Daniel W. Coburn lives and works in Lawrence, Kansas. His work and research investigates the family photo album employed as one component of a visual infrastructure that supports the flawed ideology of the American Dream. Selections from his body of work have been featured in exhibitions at the Los Angeles Center for Digital Art and the Chelsea Museum of Art in New York. Coburn’s prints are held in collections at the Museum of Contemporary Photography (Chicago), the University of New Mexico Art Museum, the Mulvane Art Museum, the Albrecht-Kemper Museum of Art, and the Mariana Kistler-Beach Museum of Art. He has been invited as a guest lecturer at national and international photography events including the International Festival of Photography in Belo Horizonte, Brazil, the Ballarat International Foto Biennale in Victoria, Australia, and the Helsinki Photo-Media Conference. His first artist’s monograph, The Hereditary Estate, was published by Kehrer Verlag in 2015. Daniel’s work has been published widely, most recently appearing in the International New York Times. Coburn received his MFA with distinction from the University of New Mexico in 2013. He is currently an Assistant Professor of Photo Media at the University of Kansas.
The Hereditary Estate
In my project, The Hereditary Estate, I make images that explore the dark undercurrents of my own family history. My goal is to create lyrical, poetic and mysterious images, presenting a set of characters that become icons of a universal human experience. I use portraiture, landscape, and still-life images as metaphor to describe a people that exist at the intersection of domestic duress and spirituality.
These images are a tangible manifestation of fantasy, memories and experiences I have acquired during my journey to adulthood. The Hereditary Estate functions as a potent supplement to the idealized representations of domestic life that exist in most family albums.
AB: What initially inspired you to turn the camera upon your parents and family?
DC: It happened accidentally. I was a first year graduate student at the University of New Mexico when I returned home for the fourth of July. I made a portrait of my mother while I was visiting my parents. It was one of those moments as an artist when you surprise yourself and instantly understand that you have done something important. The image that came off of the camera that day was one that both seduced and terrified me. I set out to understand why. It became the motivation, inspiration, and the cornerstone of my first project Next of Kin.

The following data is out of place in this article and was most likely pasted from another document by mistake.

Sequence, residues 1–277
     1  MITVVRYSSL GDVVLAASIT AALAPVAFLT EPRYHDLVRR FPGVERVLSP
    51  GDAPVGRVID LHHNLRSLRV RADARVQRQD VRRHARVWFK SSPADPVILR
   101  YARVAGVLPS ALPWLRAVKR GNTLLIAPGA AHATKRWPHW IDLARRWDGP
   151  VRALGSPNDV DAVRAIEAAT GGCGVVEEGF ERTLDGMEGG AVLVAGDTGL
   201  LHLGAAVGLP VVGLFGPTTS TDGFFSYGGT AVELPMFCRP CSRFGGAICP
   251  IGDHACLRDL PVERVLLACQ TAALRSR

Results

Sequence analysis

AB: Your monograph, The Hereditary Estate, interweaves pictures you made of your family with found photographs. Can you speak more about this choice of narrative?
DC: The Hereditary Estate is an antithetical family album. Tragic events involving domestic violence, alcoholism, and suicide haunt my family history. I became conscious of this history as an adult teenager when my father confessed he had a brother that had committed suicide as a young adult. Around the same time my mother began to recount acts of extreme domestic violence carried out by my maternal grandfather. This project is designed as a potent supplement to the family archive assembled by my parents. It is my attempt to set the story straight.
The Hereditary Estate features images that I have made using a large format camera, interweaved and sequenced with found snapshots that I have collected through the years. Many of the events in my history could not be represented by images that I make, and do not exist in my own family collection. Instead, I mine antique stores, estate sales and online auctions to find images that represent specific people and events in my family history. I present them all in black and white to confuse the timeline. Much of my work investigates the generational cycle of domestic trauma and abuse, the passing of values and behaviors from one generation to the next. It becomes difficult to discern which photos are new, which photos are old, and the characters perform their roles on a stage where time is irrelevant.